The Heidke skill score (HSS),
evaluates the total predictability with values reaching from HSS to 1. HSS =0 means that there is no predictability.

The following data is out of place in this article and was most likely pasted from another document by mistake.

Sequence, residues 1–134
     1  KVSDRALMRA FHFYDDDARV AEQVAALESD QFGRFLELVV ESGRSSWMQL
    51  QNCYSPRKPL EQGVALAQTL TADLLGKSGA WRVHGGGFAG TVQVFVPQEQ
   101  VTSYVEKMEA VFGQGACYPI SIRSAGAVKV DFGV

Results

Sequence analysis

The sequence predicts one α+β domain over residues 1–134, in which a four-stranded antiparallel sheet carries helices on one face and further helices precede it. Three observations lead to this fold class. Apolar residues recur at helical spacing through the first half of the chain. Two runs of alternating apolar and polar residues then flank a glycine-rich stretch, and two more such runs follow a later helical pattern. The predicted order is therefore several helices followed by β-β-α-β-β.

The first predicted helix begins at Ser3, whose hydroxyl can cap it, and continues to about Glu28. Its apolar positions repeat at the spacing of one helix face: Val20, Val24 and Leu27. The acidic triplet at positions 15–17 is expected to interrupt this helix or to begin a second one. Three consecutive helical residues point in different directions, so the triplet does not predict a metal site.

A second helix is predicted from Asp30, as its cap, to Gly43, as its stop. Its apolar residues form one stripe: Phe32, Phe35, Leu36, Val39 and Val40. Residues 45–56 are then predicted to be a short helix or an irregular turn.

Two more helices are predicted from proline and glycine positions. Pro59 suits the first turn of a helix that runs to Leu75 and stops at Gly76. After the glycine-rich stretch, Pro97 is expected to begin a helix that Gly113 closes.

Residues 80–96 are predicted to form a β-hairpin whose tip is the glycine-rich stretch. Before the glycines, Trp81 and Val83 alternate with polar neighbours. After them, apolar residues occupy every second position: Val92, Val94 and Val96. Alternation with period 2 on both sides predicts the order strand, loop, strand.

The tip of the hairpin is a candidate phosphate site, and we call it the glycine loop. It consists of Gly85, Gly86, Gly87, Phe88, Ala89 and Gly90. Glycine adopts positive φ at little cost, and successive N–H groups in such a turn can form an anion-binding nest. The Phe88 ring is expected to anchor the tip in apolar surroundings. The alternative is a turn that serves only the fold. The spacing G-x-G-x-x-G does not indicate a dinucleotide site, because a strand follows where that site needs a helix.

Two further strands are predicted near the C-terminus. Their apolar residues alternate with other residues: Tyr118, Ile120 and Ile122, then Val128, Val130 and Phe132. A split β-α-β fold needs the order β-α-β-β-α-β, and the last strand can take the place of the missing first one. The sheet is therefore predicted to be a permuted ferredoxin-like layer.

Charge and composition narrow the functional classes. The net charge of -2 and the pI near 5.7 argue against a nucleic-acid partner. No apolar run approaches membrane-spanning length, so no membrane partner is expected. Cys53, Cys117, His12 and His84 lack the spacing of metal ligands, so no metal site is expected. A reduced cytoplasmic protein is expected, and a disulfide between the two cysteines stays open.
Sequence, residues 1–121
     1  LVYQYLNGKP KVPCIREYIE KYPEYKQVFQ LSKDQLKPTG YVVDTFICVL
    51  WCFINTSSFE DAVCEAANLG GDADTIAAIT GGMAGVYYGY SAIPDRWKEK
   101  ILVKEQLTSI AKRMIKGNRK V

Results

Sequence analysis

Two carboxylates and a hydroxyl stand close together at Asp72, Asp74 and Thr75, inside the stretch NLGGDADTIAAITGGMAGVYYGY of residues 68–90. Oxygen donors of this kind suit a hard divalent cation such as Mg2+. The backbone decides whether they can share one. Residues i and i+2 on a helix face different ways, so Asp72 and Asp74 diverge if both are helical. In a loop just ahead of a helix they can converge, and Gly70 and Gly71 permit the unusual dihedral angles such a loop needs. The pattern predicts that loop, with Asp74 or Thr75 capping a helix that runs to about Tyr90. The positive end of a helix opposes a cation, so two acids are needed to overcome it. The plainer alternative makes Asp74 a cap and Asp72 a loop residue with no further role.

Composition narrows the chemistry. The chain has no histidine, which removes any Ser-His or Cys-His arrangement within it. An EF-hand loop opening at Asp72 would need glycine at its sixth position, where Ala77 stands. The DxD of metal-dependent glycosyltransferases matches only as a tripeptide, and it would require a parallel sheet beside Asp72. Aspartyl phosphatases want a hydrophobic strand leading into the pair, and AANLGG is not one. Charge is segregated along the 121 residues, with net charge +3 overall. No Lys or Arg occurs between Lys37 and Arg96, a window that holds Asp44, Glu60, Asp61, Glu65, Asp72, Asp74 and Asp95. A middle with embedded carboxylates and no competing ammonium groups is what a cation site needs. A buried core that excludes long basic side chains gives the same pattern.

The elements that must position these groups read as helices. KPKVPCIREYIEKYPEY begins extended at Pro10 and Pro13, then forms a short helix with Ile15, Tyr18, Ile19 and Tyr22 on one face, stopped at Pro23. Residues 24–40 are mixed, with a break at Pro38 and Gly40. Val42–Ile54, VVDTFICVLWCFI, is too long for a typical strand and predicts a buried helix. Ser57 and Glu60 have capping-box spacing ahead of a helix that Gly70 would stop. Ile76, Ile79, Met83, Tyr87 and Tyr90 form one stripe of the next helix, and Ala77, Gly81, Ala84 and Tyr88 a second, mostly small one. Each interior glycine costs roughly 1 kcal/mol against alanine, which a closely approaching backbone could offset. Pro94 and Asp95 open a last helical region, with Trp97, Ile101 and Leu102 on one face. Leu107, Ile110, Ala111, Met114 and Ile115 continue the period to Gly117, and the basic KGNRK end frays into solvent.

For the evaluation of classification step 1 (using only radiosonde) the variables A, B, C and D are presented in Table 3. There the results of classification step 1 are divided into MLC and no MLC. MLCs in classification step 1 are defined as one supersaturated layer above, one subsaturated layer in between and one supersaturated layer below. If a MLC is detected by classification step 1, the best estimate for evaluation is given by classification step 2 (MLC or no MLC by radar). If no MLC is detected by classification step 1, the best estimate for evaluation is done by the manual visual inspection of the radar images. The manual visual inspection is necessary owing to the non-existence of classification step 2 if there is no MLC by radiosounding. In Table 3 we see that classification step 1 represents a reliable upper limit () for identifying MLC days, but the actual number might be as low as less than half (28.8 %). In Table 4 the resulting skill scores are shown. The limited predictability leads to a low Heidke skill score of HSS =0.31 for r=400 µm. The good POD of 0.99 (for r=400 µm) affirms that there is no big loss of MLC cases when applying classification step 1 (only 0.4 % for r=400 µm). FAR being 0.58 reveals that about half of the MLC estimated from radiosonde humidity measurements is “no MLC by radar”. It becomes clear that the use of the radiosonde data on their own does not reliably identify the occurrence of MLCs but can be used in combination with radar data to give information on the presence of MLCs. Reducing the initial ice crystal size to r=100 or r=200 µm shows a reduced Heidke skill score. This indicates that the chosen initial ice crystal size impacts the predictability.